A stellar new image from the European Southern Observatory (ESO) is offering up some clues about how planets as enormous as the gas giant Jupiter could form. Researchers used the ESO’s Very Large Telescope (VLT) and an international astronomy facility called Atacama Large Millimeter/submillimeter Array (ALMA) to detect large dusty clumps located close to a young star. The clumps may collapse and one day create planets. The findings were published July 25 in the The Astrophysical Journal Letters.
“This discovery is truly captivating as it marks the very first detection of clumps around a young star that have the potential to give rise to giant planets,” study co-author and researcher at the Universidad Diego Portales in Chile Alice Zurlo said in a statement.
This new analysis is based on a picture obtained with the VLT’s Spectro-Polarimetric High-contrast Exoplanet REsearch (SPHERE) instrument that shows more detail of the material around the star V960 Mon. This is a young star that is located over 5,000 light-years away from Earth in the constellation Monoceros.
V960 Mon attracted astronomers’ attention in 2014 when it suddenly increased its brightness by more than 20 times. SPHERE took observations shortly after the onset of this burst of brightness, which revealed that the material orbiting V960 Mon is coming together in a series of spiral arms extending over distances bigger than the entire solar system.
Astronomers were motivated by this finding to go back and look at older observations of the same system that ALMA made. Observations made by the VLT probe the surface of the dusty material around the star, while ALMA can look deeper into deeper into its structure.
“With ALMA, it became apparent that the spiral arms are undergoing fragmentation, resulting in the formation of clumps with masses akin to those of planets,” said Zurlo.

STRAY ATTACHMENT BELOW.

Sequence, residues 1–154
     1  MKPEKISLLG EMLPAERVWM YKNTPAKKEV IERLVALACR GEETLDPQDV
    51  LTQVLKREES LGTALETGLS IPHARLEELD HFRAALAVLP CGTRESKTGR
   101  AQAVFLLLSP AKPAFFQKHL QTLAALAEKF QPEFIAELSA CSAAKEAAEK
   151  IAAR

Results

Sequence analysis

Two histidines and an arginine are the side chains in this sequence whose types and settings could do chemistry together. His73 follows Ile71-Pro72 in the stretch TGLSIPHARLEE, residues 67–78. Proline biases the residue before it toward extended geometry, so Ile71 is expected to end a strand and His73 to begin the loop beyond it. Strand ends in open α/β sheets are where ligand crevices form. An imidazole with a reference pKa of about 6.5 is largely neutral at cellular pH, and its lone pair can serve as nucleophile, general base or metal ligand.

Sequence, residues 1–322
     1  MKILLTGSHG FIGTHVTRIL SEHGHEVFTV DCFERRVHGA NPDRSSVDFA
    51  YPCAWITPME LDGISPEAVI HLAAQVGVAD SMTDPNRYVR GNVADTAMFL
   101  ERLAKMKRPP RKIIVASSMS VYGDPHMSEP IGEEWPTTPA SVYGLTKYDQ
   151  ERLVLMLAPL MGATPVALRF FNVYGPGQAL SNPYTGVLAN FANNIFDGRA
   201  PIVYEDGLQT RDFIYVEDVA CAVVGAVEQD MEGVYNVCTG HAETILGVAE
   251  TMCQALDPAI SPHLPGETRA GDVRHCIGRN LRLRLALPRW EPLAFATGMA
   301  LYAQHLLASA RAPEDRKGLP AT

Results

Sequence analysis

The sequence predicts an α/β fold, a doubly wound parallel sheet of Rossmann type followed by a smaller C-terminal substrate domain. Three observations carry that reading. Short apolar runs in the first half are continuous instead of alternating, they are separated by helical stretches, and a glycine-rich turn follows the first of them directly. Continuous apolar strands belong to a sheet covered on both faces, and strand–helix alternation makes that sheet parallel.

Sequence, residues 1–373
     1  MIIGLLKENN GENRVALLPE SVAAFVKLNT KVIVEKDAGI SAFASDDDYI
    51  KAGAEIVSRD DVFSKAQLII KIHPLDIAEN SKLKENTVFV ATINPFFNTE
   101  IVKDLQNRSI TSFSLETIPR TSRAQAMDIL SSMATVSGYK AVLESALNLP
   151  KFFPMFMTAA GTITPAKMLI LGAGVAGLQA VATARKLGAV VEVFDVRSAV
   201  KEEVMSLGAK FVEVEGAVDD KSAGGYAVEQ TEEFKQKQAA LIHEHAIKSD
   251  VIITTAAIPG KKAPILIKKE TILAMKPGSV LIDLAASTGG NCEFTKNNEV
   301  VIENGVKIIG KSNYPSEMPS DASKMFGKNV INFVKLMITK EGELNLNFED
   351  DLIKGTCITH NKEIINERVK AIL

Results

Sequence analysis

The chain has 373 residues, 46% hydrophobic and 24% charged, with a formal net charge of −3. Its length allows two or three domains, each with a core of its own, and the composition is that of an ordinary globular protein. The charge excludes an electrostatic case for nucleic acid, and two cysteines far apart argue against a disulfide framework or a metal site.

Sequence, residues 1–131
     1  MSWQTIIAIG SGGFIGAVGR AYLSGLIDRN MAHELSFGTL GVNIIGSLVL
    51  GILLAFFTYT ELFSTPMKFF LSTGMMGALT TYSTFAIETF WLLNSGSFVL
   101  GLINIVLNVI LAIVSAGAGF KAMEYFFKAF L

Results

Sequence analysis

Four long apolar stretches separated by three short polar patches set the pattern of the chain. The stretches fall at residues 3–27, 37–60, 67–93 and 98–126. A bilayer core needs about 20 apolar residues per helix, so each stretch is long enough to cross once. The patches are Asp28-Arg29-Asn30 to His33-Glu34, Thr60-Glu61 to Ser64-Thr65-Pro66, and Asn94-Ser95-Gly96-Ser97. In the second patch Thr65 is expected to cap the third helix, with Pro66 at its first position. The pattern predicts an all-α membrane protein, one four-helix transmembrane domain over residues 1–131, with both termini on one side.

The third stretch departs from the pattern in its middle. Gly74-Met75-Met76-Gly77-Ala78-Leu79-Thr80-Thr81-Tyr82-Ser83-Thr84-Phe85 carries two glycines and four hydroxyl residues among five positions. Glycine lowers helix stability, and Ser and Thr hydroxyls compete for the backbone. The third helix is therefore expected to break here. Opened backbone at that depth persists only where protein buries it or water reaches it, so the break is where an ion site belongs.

Giant planets either form when dust grains come together in a core accretion, or when large fragments of material contract and collapse around a star by gravitational instability. Astronomers have found evidence of core accretion, but support for gravitational instability has been more difficult to capture.
“No one had ever seen a real observation of gravitational instability happening at planetary scales—until now,” study co-author and University of Santiago researcher Philipp Weber said in a statement.
The group on this study has been searching for signs of how planets form for over a decade. Future studies will hopefully unveil more details of V960 Mon and the “captivating planetary system in the making.” According to the team, the future Extremely Large Telescope (ELT) will play a key role. This new telescope is currently under construction in Chile’s Atacama Desert, and will be able to observe the V960 Mon system in even better detail.
“The ELT will enable the exploration of the chemical complexity surrounding these clumps, helping us find out more about the composition of the material from which potential planets are forming,” said Weber.